It’s not news. MTC and ABAG are lumbering bureaucracies.
In case you’re new to reading The Marin Post, MTC is the Metropolitan Transportation Commission and ABAG is the Association of Bay Area Governments. These agencies maintain power by creating complexity, apparently unfamiliar with Albert Einstein’s quote, "If you can't explain it to a six-year-old, you don't understand it yourself."
MTC/ABAG are engaged in a long-term regional effort called Plan Bay Area 2050. The Plan outlines 35 strategies across four key areas—housing, the economy, transportation, and the environment. The goal is to make the Bay Area more equitable for all residents and more resilient in the face of unexpected challenges. It reads good on paper.
Opposition, that began with the introduction of the first Plan Bay Area adopted in 2013, keeps growing, slowly building to a tipping point.
Regional Housing Needs Allocations
This year, ABAG, as a tool of the state Housing and Community Development (HCD) agency, is rolling out the 8-year housing quotas. The state’s overall goal for the 9-counties and 101 Bay Area cities has more than doubled. HCD is mandating 441,000 new homes or apartments in the 2023-2031 cycle. Marin is expected to add 14,405 new units.
Across the state, city councils, boards of supervisors and the public are incredulous. It’s common to hear the quotas called “unreasonable,” “unattainable,” and “prescriptions for failure.”
The state refers to the quotas as Regional Housing Need Allocations or RHNA (prounounced ree-na) numbers. Twenty-eight Bay Area jurisdictions have submitted letters of appeal.
ABAG began hearing appeals on Friday, September 29, including appeals from Belvedere, Corte Madera, San Ramon, and Contra Costa County. The appeals, except for 35 units in Contra Costa County, were denied.
ABAG Meeting Schedule re: City Appeals to RHNA
10/8/21, 2:00-5:00PM (Fairfax, Larkspur, Mill Valley (all Marin County). UPDATE: Appeals were denied.
10/15/21 1:00-5:00PM (Ross, San Anselmo, Sausalito, Tiburon (all Marin)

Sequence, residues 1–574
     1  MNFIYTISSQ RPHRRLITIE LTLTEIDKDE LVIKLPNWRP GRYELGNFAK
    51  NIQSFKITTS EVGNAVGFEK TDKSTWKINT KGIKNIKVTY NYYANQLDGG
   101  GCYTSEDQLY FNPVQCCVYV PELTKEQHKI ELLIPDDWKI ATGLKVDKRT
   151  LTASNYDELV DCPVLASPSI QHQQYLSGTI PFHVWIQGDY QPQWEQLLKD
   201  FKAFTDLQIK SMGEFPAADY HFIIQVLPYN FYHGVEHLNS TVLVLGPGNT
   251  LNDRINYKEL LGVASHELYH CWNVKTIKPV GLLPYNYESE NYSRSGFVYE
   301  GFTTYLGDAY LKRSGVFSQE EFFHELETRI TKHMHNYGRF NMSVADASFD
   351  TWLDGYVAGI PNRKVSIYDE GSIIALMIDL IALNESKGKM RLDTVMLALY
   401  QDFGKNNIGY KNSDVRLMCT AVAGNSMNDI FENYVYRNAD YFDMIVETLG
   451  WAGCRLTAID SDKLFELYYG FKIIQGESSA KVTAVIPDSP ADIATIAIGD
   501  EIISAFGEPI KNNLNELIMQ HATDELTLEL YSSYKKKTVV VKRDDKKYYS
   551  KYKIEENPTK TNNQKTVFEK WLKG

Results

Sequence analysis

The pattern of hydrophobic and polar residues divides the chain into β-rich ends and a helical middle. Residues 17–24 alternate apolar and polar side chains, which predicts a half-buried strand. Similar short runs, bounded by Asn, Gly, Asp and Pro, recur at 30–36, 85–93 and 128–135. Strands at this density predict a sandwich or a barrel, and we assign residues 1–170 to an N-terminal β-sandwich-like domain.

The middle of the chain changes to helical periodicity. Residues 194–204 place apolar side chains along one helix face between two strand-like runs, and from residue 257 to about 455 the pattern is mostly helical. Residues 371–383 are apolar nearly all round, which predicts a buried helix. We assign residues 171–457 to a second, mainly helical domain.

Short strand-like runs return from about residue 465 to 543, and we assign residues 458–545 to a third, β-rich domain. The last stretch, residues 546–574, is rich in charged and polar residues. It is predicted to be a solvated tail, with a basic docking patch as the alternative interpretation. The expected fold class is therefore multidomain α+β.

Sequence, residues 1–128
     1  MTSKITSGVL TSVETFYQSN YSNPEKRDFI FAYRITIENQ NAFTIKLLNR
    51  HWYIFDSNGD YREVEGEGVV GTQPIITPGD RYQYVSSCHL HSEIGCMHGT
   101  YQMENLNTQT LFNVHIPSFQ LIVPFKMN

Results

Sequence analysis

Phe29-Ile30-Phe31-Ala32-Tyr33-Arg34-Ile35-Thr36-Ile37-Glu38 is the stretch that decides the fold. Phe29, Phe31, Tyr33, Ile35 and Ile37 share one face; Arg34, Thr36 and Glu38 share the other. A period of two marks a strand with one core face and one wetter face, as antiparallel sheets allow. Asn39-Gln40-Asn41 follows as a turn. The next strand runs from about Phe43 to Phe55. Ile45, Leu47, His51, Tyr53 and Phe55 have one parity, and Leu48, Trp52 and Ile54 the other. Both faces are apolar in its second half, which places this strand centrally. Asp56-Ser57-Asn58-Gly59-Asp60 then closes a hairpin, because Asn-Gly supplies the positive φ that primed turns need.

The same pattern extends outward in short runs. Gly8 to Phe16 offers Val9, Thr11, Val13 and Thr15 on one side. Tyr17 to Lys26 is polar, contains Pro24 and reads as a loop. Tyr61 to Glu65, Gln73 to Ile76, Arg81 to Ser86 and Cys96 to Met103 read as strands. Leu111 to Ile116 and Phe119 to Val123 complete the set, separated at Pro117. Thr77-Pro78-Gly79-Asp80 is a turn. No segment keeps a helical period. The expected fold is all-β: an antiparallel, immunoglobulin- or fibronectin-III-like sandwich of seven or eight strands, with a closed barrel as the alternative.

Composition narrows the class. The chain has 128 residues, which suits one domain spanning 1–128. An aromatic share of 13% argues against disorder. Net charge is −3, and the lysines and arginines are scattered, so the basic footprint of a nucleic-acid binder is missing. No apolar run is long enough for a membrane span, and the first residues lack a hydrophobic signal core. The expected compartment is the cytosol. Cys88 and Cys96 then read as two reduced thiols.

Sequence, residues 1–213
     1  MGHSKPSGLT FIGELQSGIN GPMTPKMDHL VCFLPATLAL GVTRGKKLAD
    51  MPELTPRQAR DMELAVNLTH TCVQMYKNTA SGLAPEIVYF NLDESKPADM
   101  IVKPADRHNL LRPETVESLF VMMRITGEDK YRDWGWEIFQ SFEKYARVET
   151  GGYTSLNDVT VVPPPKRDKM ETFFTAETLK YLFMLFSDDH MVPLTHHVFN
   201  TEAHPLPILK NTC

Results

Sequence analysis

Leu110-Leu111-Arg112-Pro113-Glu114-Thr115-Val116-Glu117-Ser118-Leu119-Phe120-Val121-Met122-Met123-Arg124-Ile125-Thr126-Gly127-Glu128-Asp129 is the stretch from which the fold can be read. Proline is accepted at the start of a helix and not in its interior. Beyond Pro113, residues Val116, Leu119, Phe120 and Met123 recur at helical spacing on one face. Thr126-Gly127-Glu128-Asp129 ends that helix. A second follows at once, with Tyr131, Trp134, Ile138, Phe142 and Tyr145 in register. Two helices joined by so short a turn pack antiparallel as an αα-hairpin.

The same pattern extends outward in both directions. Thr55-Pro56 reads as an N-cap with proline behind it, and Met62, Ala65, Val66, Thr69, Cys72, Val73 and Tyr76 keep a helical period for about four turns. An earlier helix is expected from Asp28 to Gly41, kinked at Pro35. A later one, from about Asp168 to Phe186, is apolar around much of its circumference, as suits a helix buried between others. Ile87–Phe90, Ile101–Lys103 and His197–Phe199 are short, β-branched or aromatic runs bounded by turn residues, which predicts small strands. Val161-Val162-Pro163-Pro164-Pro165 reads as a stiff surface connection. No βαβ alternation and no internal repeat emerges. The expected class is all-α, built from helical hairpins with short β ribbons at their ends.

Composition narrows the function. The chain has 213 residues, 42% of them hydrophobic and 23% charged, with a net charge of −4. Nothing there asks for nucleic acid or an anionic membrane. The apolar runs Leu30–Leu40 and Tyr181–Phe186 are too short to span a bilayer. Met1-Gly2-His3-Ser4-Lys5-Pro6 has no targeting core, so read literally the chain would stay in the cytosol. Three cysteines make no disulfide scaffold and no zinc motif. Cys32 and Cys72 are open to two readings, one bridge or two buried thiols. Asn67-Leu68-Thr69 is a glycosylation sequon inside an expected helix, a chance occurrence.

10/22/21 9:00-5:00PM (Unincorporated Marin, Los Altos, Los Altos Hills, Monte Sereno, Palo Alto, Saratoga, Unincorporated Santa Clara)
10/29/21 9:00-5:00PM (Sonoma Windsor, and any carry -over hearings
11/12/21 10:30-12:00PM – final deliberations
The hearing unfolds like this. Each city or county’s case is allocated about an hour: A 5-minute appeal from a city rep, a 3-minute rebuttal from ABAG staff, unlimited time for public comment, then time for ABAG Committee Q&A, followed by a final appeal from the city, and then a motion and vote.
Common themes ran through the September 29th appeals:
- We’re built out.Where are we supposed to build to double our previous allocations?
- To reach these numbers, we’d have to endanger homeowners by zoning in fire zones, flood planes or toxic sites.
- The RHNA housing numbers don’t reflect job growth.
- These numbers will make commute times worse, adding to greenhouse gas emissions.
- The RHNA methodology was flawed, complex, confusing, and was muscled in under protest.
- Every city says the same thing. “The process is unfair.” The Embarcadero Institute, sometimes poo-pooed for being out of step with the darlings of development, discovered an error that produced the double-counting that cities recognize.
- Who knows best about a jurisdiction’s growth capacity: state and regional bureaucrats or city planners?
The upcoming city appeals will likely be denied because the grounds
for granting an appeal are very narrowly confined to errors in the
methodology. Elements of common sense, critical thinking, or the welfare
of residents is not grounds for supporting the appeal.
The hearings remind me of management guru Peter Drucker who said, “There is nothing quite so useless, as doing with great efficiency, something that should not be done at all.”
There is a hint of promising news. Before the 2021 legislative session ended, Senator Portantino, in association with Senator Glaser an a few others, requested the state audit committee consider an agenda item urging an audit of HCD. Without explanation, the committee meeting was cancelled, but we can advocate for its revival in 2022.
What you can do re: upcoming meetings:
On Friday, October 15h, ABAG will be hearing appeals from three Marin communities--Ross, San Anselmo, Sausalito, and Tiburon. Uninorporated Marin will be heard the following Friday.
You can find the hearing agenda here and Zoom link:
Get your thoughts about the RHNA process and methodology in the public record by taking these steps:
- If your city is making an appeal, call your city’s Planning Department. Find out who will be making the appeal. Ask if they have recommendations for the key points to make during public comment time.
- Share the information with neighbors who agree to join the Zoom meeting and make a 1-2 minute public comment.
- Summarize your comments in a letter to the editor and post on NextDoor.
Let’s be clear.There’s little that will change the outcome of the ABAG appeal process. However, this is an opportunity to name the shortcomings of this process for the public record.
The denials of the RHNA appeals will be a set-back for cities. Even more alarming, it shows a dangerous trend to rigid adherence to a methodology most agreed is flawed. We could benefit from the wisdom of winemaker Robert Mondavi. He said, “In both life and work, stay flexible. Whether in a country, a company, or a family, the same holds true: Dictatorship and rigidity rarely work. Freedom and elasticity do.” The RHNA methodology aches for greater flexibility.